In 1996 I got a Sony VAIO that was top of the line at the time. Almost $3,000 for a PC with a 266MHz processor, 128MB of RAM and a 4GB hard drive. Really puts in perspective how fast technology is advancing.

 

A couple of Dells after that and then I finally wised up and started building my own computers around 2007 or so.



#6
Achiyan

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wow, this hit me in the feels lol. im only 27 and dont quite remember the first PC my grandparents had. i do remember playing old doop-doop-doop games off the 5 1/4 floppies. then may granddad upgraded to windows 3.11 i was about six or seven and thats when my life changed. he taught me how to remove viruses using cmd prompts, executing files using the /run, /install, /setup, etc. he had that old flight simulator you were talking about. joystick and all. i couldnt get into it tho. i was hooked on Diablo, MegaRace, Duke Nukem, Doom, and Wolfenstein. oh, and skifree. by the time windows 95 came out, i was a PC pro for that age. man, Windows Navigator with the virtual house you can click through to get to your programs in a different way other than the main desktop. the memories!!!



#7
Almondo

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Maybe let's start from that that i'm not "old" only 35.:D

 

Started with Commodore 64(my first steps in programming lol,BASIC) + tapes, than i got a PC from my uncle it was AT 286 with EGA graphic card 12 Mhz CPU and 1 MB or RAM, 40 MB HDD(DOS on it and Norton Commander). I remember that i played Elvira, Prince Of Persia, Ugh!, and Prehistoric games (my favorite:)).  After that i bought 386 DX 40 Mhz and than 486 SX  CPU + Voodoo GPU = Doom, Quake... ;)...ahh lovely times :)



#8
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a lil bump up :)



#9
Chameleon

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  Wow brother we took almost the exact same path in pcs..  I started out with a C64 with the cassette drive and then went straight to the Vic20.. I loved the little instructional book they came with, there were a few little programs you could follow to make the goofiest things in the world.  One of my favorites on the C64 was this like 3 page long program you could do that would make a small hot air balloon scroll across your screen.  Granted now that means nothing but at the time it blew my mind and I felt like a full on pc programming nerd, and loved it!

 

  We also had a BBS here called The Strawberry Patch, it was amazing.  Inside there were only a few options, but the first one I decided to dive into was The Pirates Cove. I felt like I was a full on hacker getting small programs and my first look at softcore porn haha.  The only bummer would be when I was about half way in to getting my pic of some hot chick and boom, the telephone rings and cuts me off.  There was no resume, it was start all over :/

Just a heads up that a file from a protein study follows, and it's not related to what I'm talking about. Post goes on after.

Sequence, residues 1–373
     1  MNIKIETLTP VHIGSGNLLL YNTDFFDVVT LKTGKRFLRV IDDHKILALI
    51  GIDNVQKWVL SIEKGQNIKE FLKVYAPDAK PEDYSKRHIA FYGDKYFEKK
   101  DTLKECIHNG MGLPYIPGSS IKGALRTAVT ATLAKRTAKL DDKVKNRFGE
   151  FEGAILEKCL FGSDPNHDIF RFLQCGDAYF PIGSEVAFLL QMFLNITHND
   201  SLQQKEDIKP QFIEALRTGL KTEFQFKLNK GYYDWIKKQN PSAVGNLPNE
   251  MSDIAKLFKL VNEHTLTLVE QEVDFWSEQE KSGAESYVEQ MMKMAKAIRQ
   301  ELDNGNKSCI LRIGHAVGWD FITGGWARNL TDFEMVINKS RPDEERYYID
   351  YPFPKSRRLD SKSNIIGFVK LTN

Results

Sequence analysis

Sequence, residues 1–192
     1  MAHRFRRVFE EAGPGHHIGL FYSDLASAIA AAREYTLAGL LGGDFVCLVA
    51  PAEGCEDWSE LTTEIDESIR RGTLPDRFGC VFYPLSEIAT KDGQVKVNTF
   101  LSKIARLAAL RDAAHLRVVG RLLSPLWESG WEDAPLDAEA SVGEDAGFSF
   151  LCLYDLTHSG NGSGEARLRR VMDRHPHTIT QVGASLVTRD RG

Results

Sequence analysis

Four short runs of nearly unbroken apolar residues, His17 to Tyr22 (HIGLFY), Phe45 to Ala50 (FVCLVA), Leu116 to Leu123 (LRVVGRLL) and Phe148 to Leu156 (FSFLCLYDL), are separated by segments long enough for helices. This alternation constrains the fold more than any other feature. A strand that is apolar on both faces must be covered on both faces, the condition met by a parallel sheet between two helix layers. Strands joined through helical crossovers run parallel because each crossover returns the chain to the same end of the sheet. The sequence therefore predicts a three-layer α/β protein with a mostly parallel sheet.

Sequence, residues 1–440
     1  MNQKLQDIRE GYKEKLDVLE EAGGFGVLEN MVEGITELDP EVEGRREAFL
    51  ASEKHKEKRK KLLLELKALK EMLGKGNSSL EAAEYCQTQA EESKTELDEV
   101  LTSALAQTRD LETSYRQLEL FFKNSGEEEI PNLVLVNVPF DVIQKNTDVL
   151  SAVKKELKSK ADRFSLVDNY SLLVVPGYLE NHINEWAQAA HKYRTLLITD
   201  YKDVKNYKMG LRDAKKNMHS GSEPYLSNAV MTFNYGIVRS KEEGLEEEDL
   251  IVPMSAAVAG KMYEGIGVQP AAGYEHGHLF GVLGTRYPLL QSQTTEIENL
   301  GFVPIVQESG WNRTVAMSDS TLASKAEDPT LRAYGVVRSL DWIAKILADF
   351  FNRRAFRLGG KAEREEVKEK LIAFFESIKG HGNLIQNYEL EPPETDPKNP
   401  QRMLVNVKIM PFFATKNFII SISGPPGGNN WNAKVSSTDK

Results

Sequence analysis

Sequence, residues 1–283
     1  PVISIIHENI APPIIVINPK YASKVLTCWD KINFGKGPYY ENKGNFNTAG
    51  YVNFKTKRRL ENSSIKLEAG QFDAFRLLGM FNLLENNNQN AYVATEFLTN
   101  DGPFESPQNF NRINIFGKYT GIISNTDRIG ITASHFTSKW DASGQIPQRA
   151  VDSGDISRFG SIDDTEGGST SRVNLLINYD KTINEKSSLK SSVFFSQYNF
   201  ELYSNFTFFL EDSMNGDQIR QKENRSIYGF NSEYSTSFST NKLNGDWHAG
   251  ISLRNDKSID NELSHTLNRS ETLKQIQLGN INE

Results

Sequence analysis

I had a 386/486 as they came out and then bought my first power PC, I Packard Bell 120mhz monster.  It had a 1 meg video card, 4 megs of ram a 26.4 modem which also had the sound card built into it and a huge 15 inch crt monitor.  I learned how to overclock the cpu with the jumpers on the board and got it up to 166mhz but could only get it to run stable at around 144.  There were no fans on anything at that time so overheating was an issue. I upgraded that thing as much as I could because at the time everything was so expensive.  Aded 4 more megs of ram, got a 4 meg 3d video card when it came out, and bought another 850 meg hdd to go with the one it already had.  I will never forget the guy at the pc store telling me, "This is all the space you will ever need" lol

 

  Like you said, soon there after things just started to explode, you could buy a top of the line pc on day and 3 weeks later you were already behind the curve.  It was fun though being a part of the beginning and hopefully guys like us will be around for the next big thing.

 

  Glad you made this topic, this was a fun stroll back in time :D



#10
berlinerbol

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My first love;

commodore_64c_1_s.jpg

Then

ti-994a.jpg

Had this one but the keys where awful, but it came with my first ever (thermal) printer!

_79537162_4a0714e0-c584-4271-98f2-b8dbb0

And when I was older and had more money this was the dog's bollocks;

amiga500.jpg

 

 

After that the PC age began, my first was an IBM ofc.xtsystem.jpg



#11
Anton Chigurh

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Apple 2E , ZX 80 , C64 and 286



#12
+ no'paine

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cool to see but my first pc was C64

 

the time of new stuf and pc grow se fast in the 20 years i now .

playstion 1 and 2 like xbox 360 and now xbox one  it nice to look back ;)

 

grts be activity



#13
Barnesy

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My first was a Timex Sinclair copy.  Then the Vic 20 after which I jumped into the twilight zone with the Coleco Adam.  Then a used Franklin 2GS, Leading Edge 8088, Packard Bell 286 12 mhz 20 MB HDD, from there it was a bunch of gaming machines and Mac video editing machines.  It all lead to an IT career and a great paycheck.  I still enjoy learning everyday with them.



#14
-=HipKat=-

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Commodore Pet for me.... Those were the great days!



#15
Shoes

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Also started with a C64. 2 floppy drives and a 64 baud modem. Pre- internet. BBS!!